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How to Use Financial Reports to Calculate Earnings per Share

In addition to net income, the other number you hear in financial reporting almost as often about a company's earnings results is earnings per share. Earnings per share is the amount of net income the company makes per share of stock available on the market.

For example, if you own 100 shares of stock in ABC Company and it earns $1 per share, $100 of those earnings are yours unless the company decides to reinvest the earnings for future growth. In reality, a company rarely pays out 100 percent of its earnings; it usually pays out a small fraction of those earnings.

You find the calculation for earnings per share on the income statement after net income, or in a separate statement called the statement of shareholders’ equity. The calculation for earnings per share is relatively simple: You divide the net earnings or net income (which you find on the income statement) by the number of outstanding shares (which you can find on the balance sheet).

Basically, earnings per share shows you how much money each shareholder made for each of her shares. In reality, this money doesn't get paid back to the shareholder. Instead, most is reinvested in future operations of the company. The net income or loss is added to the retained earnings number on the balance sheet.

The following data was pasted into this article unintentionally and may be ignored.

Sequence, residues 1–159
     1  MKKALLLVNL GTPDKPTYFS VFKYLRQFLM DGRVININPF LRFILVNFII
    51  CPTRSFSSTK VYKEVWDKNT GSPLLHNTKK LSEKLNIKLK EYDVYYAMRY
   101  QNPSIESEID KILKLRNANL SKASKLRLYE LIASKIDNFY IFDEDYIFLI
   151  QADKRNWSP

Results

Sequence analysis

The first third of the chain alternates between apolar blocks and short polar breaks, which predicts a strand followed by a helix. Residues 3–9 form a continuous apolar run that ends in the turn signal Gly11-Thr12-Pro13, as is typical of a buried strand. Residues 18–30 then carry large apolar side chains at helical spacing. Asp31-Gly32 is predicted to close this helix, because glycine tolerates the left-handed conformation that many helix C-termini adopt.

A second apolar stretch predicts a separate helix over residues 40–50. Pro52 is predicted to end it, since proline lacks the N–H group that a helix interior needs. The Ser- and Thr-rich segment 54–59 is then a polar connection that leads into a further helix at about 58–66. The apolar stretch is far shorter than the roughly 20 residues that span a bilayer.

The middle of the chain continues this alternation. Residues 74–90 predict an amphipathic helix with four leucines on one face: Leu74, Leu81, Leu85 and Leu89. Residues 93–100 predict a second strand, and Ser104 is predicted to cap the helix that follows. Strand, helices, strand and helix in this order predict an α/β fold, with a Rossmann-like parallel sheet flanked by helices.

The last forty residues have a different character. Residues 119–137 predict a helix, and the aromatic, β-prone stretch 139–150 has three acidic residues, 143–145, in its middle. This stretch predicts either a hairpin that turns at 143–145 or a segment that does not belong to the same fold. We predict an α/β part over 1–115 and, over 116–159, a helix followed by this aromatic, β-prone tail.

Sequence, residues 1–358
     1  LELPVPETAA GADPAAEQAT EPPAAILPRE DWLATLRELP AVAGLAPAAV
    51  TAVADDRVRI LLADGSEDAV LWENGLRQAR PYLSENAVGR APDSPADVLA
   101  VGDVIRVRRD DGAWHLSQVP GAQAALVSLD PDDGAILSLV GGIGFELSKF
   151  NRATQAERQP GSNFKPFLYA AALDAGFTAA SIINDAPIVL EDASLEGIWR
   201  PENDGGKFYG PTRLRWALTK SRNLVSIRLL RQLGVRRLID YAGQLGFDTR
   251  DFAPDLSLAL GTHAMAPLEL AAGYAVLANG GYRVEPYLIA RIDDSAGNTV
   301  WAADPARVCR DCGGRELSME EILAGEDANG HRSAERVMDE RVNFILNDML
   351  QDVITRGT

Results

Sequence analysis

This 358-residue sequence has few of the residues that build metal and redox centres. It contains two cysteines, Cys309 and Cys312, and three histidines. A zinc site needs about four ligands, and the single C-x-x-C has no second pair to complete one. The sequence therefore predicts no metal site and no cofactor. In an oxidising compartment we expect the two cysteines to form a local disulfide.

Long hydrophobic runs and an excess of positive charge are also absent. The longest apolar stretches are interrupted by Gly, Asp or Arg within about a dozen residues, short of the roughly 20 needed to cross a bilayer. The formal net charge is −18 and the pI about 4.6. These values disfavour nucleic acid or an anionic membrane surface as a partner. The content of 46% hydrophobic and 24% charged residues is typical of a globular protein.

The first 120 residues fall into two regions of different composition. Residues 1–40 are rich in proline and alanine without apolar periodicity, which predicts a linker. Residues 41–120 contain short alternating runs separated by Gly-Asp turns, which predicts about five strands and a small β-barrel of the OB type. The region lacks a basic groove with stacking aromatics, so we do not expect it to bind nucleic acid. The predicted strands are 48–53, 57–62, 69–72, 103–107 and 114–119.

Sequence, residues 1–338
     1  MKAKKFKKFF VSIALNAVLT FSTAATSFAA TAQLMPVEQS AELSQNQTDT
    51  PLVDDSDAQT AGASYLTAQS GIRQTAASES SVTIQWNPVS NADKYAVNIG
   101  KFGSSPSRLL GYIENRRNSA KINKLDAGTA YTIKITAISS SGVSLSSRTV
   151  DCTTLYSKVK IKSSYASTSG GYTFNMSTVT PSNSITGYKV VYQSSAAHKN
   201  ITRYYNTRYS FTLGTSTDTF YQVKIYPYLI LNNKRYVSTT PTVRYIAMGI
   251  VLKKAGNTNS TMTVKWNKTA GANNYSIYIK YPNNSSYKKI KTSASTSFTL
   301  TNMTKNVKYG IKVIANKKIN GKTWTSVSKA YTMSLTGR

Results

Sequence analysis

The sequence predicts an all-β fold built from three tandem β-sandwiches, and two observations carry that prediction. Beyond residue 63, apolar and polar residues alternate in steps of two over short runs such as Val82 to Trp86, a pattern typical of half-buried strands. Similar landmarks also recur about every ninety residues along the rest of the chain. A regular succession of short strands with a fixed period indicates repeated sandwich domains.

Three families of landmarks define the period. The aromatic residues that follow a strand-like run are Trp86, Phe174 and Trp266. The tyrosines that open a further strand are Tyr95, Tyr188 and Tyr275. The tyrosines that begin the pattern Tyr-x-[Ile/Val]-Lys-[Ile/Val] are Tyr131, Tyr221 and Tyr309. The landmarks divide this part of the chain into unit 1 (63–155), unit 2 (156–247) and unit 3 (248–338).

Any dividends declared per share appear on the income statement under the earnings per share information. You find the amount of dividends paid on the statement of cash flows. The company's board of directors declares dividends either quarterly or annually.

At the bottom of an income statement, you see two numbers:

  • The basic earnings per share is a calculation based on the number of shares outstanding at the time the income statement is developed.

  • The diluted earnings per share includes other potential shares that may eventually be outstanding. This category includes shares designated for items like stock options, warrants (shares of stock companies promise to bondholders or preferred shareholders for additional shares of stock at a set price, usually below the stock's market value), and convertibles (shares of stock companies promise to a lender who owns bonds that are convertible to stock).

These numbers give you an idea of how much a company earns per share. You can use them to analyze the company's profitability.

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